Financial information company Markit, which publishes a closely watched monthly survey of economic conditions across the region, even suggested that the economic recovery is running at a near three-year high. It is now forecasting quarterly economic growth of 0.5 percent, which equates to an annualized increase of a little more than 2 percent. In the fourth quarter of 2013, the eurozone grew by a quarterly 0.3 percent.
The forecast improvement will help ease worries that the recovery from recession isn't gaining traction. The eurozone emerged from its longest-ever recession last spring.
Markit's relatively upbeat guidance came despite a modest decline in its purchasing managers' index a broad gauge of business activity to 53.2 points in March from February's 32-month high of 53.3. Markit said the figure rounds off the eurozone's best three-month period since the second quarter of 2011. Any reading above 50 indicates expansion.
A more detailed look at the survey shows Germany, Europe's largest economy, continues to spearhead the growth and that the recovery is spreading to France and beyond to those economies, such as Greece and Spain, that have been weighed down by government-imposed austerity programs for years.
"The rest of the region also enjoyed its best quarter for three years, providing further evidence that the 'periphery' is staging a robust-looking recovery," said Chris Williamson, chief economist at Markit.
Ratings agency Standard & Poor's sounded a relatively optimistic note too, and raised its growth forecasts modestly. It now reckons the eurozone economy will grow by 1 percent this year and by 1.5 percent next. However, it cautioned that slower growth in emerging economies and the geopolitical impact of the crisis in Ukraine could weigh on the outlook.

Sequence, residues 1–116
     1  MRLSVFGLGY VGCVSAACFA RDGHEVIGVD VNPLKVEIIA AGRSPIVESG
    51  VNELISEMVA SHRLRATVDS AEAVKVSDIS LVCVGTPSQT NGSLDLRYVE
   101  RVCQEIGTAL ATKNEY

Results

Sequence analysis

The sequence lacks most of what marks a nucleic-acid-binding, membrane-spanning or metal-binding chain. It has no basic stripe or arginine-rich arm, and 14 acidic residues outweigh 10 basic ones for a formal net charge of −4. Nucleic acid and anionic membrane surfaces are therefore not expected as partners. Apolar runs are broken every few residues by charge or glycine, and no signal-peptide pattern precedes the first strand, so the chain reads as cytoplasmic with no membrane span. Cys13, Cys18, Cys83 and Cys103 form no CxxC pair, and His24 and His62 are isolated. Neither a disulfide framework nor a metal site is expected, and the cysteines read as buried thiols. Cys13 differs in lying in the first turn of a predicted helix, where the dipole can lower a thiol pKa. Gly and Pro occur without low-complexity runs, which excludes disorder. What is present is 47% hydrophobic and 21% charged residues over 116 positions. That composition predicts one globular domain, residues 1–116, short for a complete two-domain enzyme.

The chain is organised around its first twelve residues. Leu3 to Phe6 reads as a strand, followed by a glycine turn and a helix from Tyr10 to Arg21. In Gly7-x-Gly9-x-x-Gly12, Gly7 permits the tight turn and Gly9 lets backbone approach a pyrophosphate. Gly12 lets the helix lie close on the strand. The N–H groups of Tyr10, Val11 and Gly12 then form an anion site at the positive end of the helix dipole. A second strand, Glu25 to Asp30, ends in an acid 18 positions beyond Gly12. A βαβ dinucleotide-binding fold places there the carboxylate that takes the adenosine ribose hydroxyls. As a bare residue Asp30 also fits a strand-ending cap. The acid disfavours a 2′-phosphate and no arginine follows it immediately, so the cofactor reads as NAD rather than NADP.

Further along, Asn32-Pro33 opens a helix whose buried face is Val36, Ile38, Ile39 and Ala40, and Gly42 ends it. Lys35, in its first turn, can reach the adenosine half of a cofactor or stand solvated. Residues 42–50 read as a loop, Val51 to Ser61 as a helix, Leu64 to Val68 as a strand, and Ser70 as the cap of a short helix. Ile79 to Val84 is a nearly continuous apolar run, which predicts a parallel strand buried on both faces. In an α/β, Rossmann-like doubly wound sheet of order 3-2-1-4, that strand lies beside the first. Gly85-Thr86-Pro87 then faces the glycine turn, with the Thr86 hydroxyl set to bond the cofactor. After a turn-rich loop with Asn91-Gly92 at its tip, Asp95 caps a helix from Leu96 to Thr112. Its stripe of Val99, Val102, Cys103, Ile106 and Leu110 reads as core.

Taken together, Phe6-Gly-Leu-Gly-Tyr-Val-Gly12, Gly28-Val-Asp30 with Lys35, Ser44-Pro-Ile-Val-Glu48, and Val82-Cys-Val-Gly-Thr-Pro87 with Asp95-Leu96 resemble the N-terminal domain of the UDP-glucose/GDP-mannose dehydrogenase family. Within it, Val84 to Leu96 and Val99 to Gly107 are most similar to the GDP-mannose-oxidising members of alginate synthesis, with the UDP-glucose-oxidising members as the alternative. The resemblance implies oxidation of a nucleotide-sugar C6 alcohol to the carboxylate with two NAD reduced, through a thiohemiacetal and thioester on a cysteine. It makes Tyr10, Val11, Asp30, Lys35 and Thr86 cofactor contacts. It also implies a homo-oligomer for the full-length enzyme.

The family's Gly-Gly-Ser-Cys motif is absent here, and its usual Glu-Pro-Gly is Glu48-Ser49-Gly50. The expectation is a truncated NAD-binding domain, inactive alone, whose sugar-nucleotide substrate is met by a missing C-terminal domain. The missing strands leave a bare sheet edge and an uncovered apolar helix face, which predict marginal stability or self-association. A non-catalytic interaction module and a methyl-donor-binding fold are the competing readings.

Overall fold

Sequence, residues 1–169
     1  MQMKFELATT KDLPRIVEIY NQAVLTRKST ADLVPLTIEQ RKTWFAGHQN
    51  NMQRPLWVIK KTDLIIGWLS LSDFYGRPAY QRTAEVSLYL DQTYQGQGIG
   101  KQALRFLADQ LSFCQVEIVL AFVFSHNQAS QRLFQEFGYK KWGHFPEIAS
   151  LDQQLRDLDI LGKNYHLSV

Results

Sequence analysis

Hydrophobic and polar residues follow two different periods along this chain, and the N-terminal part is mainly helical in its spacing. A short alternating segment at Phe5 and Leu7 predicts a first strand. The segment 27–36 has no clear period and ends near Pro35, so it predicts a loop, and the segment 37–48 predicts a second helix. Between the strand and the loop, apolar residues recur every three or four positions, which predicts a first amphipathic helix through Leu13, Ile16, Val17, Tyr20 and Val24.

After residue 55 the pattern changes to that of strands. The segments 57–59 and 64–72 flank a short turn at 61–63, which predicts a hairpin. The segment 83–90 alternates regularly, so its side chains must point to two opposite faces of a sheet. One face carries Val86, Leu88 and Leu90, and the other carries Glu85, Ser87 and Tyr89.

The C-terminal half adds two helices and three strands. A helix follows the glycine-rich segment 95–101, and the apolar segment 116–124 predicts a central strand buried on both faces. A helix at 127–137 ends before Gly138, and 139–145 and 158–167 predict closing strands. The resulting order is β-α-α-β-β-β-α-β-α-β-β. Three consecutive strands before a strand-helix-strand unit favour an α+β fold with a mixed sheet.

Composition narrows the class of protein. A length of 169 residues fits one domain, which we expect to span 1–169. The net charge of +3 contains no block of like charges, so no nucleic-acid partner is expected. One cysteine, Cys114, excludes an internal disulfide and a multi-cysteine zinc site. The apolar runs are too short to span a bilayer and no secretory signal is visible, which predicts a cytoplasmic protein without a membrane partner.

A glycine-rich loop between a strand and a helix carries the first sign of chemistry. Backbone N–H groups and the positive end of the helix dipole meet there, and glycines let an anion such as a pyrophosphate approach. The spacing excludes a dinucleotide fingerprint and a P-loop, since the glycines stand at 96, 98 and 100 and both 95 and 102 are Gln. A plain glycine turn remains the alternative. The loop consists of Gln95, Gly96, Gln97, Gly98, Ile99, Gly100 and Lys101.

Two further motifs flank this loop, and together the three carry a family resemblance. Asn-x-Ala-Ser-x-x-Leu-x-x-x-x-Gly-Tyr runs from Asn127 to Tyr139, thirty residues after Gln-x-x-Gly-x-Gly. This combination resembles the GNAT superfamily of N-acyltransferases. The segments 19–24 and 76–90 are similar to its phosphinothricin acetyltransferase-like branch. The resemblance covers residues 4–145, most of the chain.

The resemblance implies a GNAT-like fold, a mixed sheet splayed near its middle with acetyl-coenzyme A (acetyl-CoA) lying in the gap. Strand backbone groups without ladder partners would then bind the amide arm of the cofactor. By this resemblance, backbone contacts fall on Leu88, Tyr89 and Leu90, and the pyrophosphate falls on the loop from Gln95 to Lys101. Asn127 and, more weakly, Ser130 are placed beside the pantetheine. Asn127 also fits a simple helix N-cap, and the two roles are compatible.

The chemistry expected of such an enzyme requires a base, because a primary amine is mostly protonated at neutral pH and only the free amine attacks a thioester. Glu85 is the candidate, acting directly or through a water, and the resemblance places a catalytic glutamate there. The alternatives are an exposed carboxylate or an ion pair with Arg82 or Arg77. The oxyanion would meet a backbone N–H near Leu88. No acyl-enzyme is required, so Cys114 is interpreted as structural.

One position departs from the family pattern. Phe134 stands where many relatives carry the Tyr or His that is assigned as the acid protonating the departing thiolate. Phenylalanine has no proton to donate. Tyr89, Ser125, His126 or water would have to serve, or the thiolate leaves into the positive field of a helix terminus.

"The key question is whether this initial revival in eurozone growth will gain fresh impetus from the private sector through stronger consumption and more buoyant investment, or remain overly dependent on foreign trade," said Jean-Michel Six, S&P's chief economist for Europe, Middle East and Asia.
As well as helping to cap the rise in unemployment, economic growth is important for a region that is still operating at way below the level it would have been were it not for the global financial crisis and the ensuing debt crisis. The lost output has kept a lid on price increases by reining in the power of businesses to raise prices or workers to demand higher wages.
As a result, inflation levels have dropped sharply and in some cases, such as in Greece and Cyprus, prices are actually falling. The European Central Bank, which holds its monthly policy meeting next week, is mindful of the deflation risks but so far appears confident that a debilitating bout of falling prices will not occur.
"If the recovery continues in line with our expectations then the degree of spare capacity will decline through the year, stabilising prices and ultimately easing the threat of deflation," said Tom Rogers, a senior economic adviser at EY.